March 8, 2018 - Americas Society - The Metropolis in Latin America, 1830-1930
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March 8, 2018

Americas Society

The City of the Future: Hundred Story City in Neo-American Style, Francisco Mujica, 1929. From Francisco Mujica, History of the Skyscraper (Paris, 1929), pl. 134. The Getty Research Institute, 88-B34645.

The Metropolis in Latin America, 1830-1930
March 22–June 30, 2018

Americas Society
680 Park Avenue
New York, NY 10065
USA
Hours: Wednesday–Saturday 12–6pm

www.as-coa.org
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Organized by The Getty Research Institute
Curated by Idurre Alonso and Maristella Casciato

Americas Society is pleased to present The Metropolis in Latin America, 1830-1930, an exhibition that explores the impact that a century of accelerated urbanization as well as political and social transformations had in the architectural landscapes of six Latin American capitals: Buenos Aires, Havana, Lima, Mexico City, Rio de Janeiro, and Santiago de Chile. The exhibition features rare maps, engravings, drawings, photographs, books, and videos that range from Hernán Cortés’ map of Tenochtitlán (1524) to Le Corbusier’s sketches made during his visit to Buenos Aires (1929).

Previously on view at The Getty Research Institute (GRI) in Los Angeles, the show draws on the GRI's collections to document how, over the course of one century, Latin American cities experienced rapid growth and sociopolitical turmoil that resulted in crucial modifications to city scale and architectural landscapes, creating the prime conditions for the emergence of the metropolis.

“During the almost four centuries of colonial rule, town planning was a key tool to build cities that had to be commercially functional and militarily strategic,” commented exhibition curator Idurre Alonso. “This exhibition traces the changes of six major capitals as independence, industrialization, and exchange of ideas altered their built environments and eventually transformed them into monumental, modern metropolises.”

Following independence, Latin Americans had an urgent desire to break with the colonial past. This desire was expressed through architecture and urban planning, among other ways. “As Latin American metropolises were dramatically reconfigured, these cities also became experimental laboratories where scientific planning mingled with natural environment to create forward-looking approaches to city design,” said exhibition curator Maristella Casciato.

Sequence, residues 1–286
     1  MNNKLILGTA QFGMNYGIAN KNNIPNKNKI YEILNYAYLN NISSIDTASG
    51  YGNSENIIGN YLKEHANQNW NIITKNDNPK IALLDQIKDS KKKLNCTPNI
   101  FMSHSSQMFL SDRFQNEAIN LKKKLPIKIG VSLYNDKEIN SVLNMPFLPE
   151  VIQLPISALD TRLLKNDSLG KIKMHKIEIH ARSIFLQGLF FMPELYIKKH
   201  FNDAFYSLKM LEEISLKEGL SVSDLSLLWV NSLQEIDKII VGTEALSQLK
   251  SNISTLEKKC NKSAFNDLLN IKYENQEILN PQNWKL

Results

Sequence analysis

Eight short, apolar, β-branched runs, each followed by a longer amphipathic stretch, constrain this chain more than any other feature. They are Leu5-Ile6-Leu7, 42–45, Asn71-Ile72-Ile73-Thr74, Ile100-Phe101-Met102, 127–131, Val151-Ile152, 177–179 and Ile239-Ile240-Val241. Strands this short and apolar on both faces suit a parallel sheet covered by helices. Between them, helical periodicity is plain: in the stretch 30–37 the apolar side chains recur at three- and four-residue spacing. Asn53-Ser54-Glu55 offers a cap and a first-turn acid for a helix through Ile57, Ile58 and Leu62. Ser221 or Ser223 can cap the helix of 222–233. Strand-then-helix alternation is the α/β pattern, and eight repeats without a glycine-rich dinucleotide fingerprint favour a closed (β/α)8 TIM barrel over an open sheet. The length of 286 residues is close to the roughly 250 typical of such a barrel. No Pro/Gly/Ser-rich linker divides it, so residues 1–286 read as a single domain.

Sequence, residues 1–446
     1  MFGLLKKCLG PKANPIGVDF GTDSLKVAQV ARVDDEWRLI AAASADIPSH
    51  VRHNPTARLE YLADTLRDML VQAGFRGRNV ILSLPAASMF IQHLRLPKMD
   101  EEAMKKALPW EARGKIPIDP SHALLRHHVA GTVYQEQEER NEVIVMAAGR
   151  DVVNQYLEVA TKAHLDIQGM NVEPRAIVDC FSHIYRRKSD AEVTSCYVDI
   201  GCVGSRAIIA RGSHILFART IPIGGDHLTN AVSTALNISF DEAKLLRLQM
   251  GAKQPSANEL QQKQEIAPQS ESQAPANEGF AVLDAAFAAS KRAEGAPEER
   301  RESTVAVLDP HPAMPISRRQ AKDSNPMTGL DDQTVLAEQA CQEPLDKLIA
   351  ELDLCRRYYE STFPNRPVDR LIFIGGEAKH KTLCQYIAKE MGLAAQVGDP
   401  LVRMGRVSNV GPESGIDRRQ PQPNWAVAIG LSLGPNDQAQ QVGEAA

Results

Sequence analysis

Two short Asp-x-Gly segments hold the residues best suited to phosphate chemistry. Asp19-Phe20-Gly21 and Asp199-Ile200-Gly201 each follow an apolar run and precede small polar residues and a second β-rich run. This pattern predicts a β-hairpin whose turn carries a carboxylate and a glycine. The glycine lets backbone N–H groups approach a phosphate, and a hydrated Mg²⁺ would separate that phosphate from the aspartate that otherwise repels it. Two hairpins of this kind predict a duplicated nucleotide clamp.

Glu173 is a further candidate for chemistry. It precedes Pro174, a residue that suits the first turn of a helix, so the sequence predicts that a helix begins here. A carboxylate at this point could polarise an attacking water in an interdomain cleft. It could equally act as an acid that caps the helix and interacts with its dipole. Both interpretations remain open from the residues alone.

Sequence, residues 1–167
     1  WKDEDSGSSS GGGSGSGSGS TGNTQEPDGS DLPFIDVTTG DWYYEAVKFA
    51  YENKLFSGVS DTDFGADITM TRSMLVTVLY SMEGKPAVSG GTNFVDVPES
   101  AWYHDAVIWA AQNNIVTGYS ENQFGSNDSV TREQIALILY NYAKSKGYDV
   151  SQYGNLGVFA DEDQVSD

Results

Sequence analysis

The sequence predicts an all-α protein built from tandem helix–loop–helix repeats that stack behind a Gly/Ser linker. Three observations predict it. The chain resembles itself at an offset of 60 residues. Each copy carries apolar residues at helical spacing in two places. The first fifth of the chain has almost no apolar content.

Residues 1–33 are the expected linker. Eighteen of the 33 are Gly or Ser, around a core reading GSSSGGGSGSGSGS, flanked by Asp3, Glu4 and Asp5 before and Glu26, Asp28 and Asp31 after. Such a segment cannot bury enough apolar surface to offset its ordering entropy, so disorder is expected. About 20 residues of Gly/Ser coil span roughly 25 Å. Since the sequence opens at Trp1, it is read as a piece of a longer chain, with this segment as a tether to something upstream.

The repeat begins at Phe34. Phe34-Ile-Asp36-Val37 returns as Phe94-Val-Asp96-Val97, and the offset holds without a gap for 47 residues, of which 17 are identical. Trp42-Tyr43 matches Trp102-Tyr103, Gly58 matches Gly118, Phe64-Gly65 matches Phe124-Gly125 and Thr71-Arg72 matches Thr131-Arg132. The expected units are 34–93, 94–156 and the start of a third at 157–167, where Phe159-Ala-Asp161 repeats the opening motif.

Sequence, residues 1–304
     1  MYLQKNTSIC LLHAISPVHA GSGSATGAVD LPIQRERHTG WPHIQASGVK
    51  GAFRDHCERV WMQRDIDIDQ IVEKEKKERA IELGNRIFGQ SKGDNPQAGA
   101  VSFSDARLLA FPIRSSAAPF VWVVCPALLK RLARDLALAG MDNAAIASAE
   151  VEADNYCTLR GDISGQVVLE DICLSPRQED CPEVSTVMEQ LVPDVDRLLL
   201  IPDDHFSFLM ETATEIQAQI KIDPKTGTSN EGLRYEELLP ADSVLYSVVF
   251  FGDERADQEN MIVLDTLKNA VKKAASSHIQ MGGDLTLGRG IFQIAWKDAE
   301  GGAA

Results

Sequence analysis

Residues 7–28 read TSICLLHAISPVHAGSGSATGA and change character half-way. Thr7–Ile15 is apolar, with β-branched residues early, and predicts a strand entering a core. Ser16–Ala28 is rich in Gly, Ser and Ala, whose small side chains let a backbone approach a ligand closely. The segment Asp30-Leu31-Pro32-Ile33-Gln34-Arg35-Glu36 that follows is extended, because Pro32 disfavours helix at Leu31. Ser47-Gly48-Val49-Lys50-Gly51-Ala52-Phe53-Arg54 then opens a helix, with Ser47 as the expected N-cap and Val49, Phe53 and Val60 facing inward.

Until 1850 the eventual adoption of modern architectural repertoires fostered the removal of symbols of colonial power and the construction of new civic buildings emphasizing each country’s own new self-view. By the later part of the nineteenth century significant changes, including massive migration to cities and the beginning of local industrialization, resulted in new urban developments. In the 1910s, grand celebrations marking the first century of independence, which coincided with the end of World War I, sparked a return to local architectural traditions. Later, a new generation of Latin American designers imagined utopian visions of the metropolis in modern ways.

Additional public programs

Planning the Metropolis in Latin America, 1830-1930
March 19, 6pm

Book launch of The Mobility of Modernism with Harper Montgomery and Edward J. Sullivan
April 3, 6:30pm

Contemporary Cities: Urban and Architecture Practices about Latin America
April 11, 7pm

Book Launch of Embodying with Hoor Al Qasimi and Gabriela Rangel
April 13, 6:30pm

Juan Tessi in conversation with Verónica Flom
May 4, 6:30pm

An Attempt to Become Modern
May 10, 6:30pm

This exhibition has been organized by The Getty Research Institute, Los Angeles, and was previously on view as part of Pacific Standard Time: LA/LA at the Getty Center (September 16, 2017-January 7, 2018).

Americas Society gratefully acknowledges the support from the Arts of the Americas Circle members: Estrellita Brodsky; Galeria Almeida e Dale; Kaeli Deane, Phillips; Diana Fane; Boris Hirmas; Isabella Hutchinson; Roberto Redondo and Carlos Manso; Erica Roberts; Sharon Schultz; Herman Sifontes; Axel Stein, Sotheby’s; Edward J. Sullivan; and Juan Yarur Torrres.

The presentation of The Metropolis in Latin America, 1830–1930, at Americas Society is made possible by the New York State Council on the Arts with the support of Governor Andrew M. Cuomo and the New York State Legislature, and is supported, in part, by public funds from the New York City Department of Cultural Affairs in partnership with the City Council.

Additional support is provided by The Achelis and Bodman Foundation, the Smart Family Foundation of New York, Genomma Lab Internacional, The Cowles Charitable Trust, and by AMEXCID, the Consulate General of Mexico, and the Mexican Cultural Institute of New York. In-kind support is provided by the Consulado General y Centro de Promoción de la República Argentina en Nueva York.

Hours: 
Wednesday–Saturday 12–6pm

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